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Tripoline Stroganoff !

Elena Ivanovna MolokhovetsNo doubt there’s an equivalent of Mrs Beeton in every country (or so I’d like to believe). In the case of imperial Russia there was Elena Ivanovna Molokhovets who wrote the famous: A Gift to Young Housewives.

I know *I know* we’re neither young – nor … Anyway! Apparently we owe Mr. Alexander Grigorievich Stroganoff of Odessa the famous invention of beef and mushrooms cooked in a creamy sauce with dill …mmmm!

baron-alexander-stroganov.

Although the original dish -dates from the late 1800s- was usually served with either steamed white rice or mashed potatoes >needless to say that neither has European origins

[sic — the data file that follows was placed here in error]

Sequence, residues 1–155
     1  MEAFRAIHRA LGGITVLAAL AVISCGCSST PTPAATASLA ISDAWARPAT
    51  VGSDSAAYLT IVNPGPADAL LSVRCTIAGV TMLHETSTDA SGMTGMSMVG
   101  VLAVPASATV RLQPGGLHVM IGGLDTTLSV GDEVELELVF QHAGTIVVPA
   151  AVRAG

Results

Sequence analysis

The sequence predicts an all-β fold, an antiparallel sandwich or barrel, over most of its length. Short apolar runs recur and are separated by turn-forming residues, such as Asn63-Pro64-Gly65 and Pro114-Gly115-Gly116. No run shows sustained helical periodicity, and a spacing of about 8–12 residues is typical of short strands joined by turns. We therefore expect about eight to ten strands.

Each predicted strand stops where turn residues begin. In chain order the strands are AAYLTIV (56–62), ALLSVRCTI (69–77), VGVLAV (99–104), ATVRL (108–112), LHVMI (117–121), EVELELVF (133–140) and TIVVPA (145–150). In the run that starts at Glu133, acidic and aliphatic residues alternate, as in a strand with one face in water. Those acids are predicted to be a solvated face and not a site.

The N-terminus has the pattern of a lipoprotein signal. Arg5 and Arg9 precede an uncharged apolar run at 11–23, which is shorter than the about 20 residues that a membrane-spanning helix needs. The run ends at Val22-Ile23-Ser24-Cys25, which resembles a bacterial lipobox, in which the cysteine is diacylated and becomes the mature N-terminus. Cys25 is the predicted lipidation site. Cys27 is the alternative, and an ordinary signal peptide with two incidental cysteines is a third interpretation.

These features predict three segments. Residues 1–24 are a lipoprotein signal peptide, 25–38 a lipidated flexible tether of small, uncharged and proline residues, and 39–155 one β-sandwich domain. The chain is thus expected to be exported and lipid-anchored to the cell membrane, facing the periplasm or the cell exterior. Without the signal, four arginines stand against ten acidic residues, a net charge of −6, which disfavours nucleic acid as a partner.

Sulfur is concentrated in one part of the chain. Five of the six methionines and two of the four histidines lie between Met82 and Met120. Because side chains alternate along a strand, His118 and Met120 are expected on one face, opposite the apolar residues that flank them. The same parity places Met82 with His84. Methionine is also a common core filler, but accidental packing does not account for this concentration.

However, apparently nowadays the most common version of this dish is served with tagliatelle, moreover so, beef its often substituted with turkey.

My take on this dish involves mock octopus tentacles… in pasta form!

To feed two frightfully hungry tummies you will need:

  • 200g cooked tripoline pasta
  • 300g diced turkey breast
  • 300g sliced mushrooms
  • 100ml single cream
  • 2 bay leaves
  • 1tbsp chopped dill leaves
  • 1 small chopped onion
  • 1 cube of vegetable stock
  • 1 cup hot water
  • 1 tbsp butter
  • 2 tbsp olive oil
  • 1 tbp grated parmesan
  •  Salt & pepper

 

Method

 

In a saucepan melt the butter and sauté the onion and meat, after 5 minutes add the mushrooms and the stock cube followed 1 cup of hot water.

 Add the dill, bay leaves, salt and pepper.

Let it simmer for 10 minutes.

IMG_7635.JPG

 In the meantime, cook the pasta, following the packaging instructions, usually takes about 10-12 minutes.

When it’s ready add the cream and the pasta. Drizzle with olive oil and mix gently, allowing the sauce to coat the pasta.

 Before serving garnish with some grated parmesan.

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